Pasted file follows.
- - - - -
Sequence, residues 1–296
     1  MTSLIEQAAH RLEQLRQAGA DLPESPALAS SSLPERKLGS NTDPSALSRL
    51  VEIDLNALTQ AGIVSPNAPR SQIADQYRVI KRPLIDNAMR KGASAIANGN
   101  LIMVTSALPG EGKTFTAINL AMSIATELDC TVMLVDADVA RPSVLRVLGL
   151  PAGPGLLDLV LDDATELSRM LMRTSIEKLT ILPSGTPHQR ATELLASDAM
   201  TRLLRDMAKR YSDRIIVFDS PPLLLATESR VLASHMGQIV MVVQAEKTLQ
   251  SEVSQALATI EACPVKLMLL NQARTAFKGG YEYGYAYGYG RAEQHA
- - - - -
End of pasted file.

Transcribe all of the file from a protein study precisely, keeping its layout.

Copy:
Sequence, residues 1–296
     1  MTSLIEQAAH RLEQLRQAGA DLPESPALAS SSLPERKLGS NTDPSALSRL
    51  VEIDLNALTQ AGIVSPNAPR SQIADQYRVI KRPLIDNAMR KGASAIANGN
   101  LIMVTSALPG EGKTFTAINL AMSIATELDC TVMLVDADVA RPSVLRVLGL
   151  PAGPGLLDLV LDDATELSRM LMRTSIEKLT ILPSGTPHQR ATELLASDAM
   201  TRLLRDMAKR YSDRIIVFDS PPLLLATESR VLASHMGQIV MVVQAEKTLQ
   251  SEVSQALATI EACPVKLMLL NQARTAFKGG YEYGYAYGYG RAEQHA